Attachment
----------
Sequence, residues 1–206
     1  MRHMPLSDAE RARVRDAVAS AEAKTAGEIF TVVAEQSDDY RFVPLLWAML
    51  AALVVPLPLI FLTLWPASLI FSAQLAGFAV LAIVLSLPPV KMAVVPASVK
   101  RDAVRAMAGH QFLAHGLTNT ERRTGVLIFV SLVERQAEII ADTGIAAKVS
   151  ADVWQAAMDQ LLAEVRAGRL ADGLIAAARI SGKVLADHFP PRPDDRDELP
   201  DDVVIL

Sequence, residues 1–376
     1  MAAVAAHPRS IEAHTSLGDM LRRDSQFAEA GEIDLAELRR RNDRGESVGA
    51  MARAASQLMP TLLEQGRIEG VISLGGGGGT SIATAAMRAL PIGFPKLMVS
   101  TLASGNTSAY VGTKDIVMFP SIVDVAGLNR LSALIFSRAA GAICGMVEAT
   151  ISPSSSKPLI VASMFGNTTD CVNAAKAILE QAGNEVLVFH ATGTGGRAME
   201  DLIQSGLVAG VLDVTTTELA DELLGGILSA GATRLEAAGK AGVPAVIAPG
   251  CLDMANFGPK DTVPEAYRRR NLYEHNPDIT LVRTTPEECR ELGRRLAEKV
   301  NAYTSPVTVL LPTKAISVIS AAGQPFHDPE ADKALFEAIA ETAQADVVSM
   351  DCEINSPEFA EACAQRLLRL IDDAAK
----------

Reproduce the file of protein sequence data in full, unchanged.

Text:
Sequence, residues 1–206
     1  MRHMPLSDAE RARVRDAVAS AEAKTAGEIF TVVAEQSDDY RFVPLLWAML
    51  AALVVPLPLI FLTLWPASLI FSAQLAGFAV LAIVLSLPPV KMAVVPASVK
   101  RDAVRAMAGH QFLAHGLTNT ERRTGVLIFV SLVERQAEII ADTGIAAKVS
   151  ADVWQAAMDQ LLAEVRAGRL ADGLIAAARI SGKVLADHFP PRPDDRDELP
   201  DDVVIL

Sequence, residues 1–376
     1  MAAVAAHPRS IEAHTSLGDM LRRDSQFAEA GEIDLAELRR RNDRGESVGA
    51  MARAASQLMP TLLEQGRIEG VISLGGGGGT SIATAAMRAL PIGFPKLMVS
   101  TLASGNTSAY VGTKDIVMFP SIVDVAGLNR LSALIFSRAA GAICGMVEAT
   151  ISPSSSKPLI VASMFGNTTD CVNAAKAILE QAGNEVLVFH ATGTGGRAME
   201  DLIQSGLVAG VLDVTTTELA DELLGGILSA GATRLEAAGK AGVPAVIAPG
   251  CLDMANFGPK DTVPEAYRRR NLYEHNPDIT LVRTTPEECR ELGRRLAEKV
   301  NAYTSPVTVL LPTKAISVIS AAGQPFHDPE ADKALFEAIA ETAQADVVSM
   351  DCEINSPEFA EACAQRLLRL IDDAAK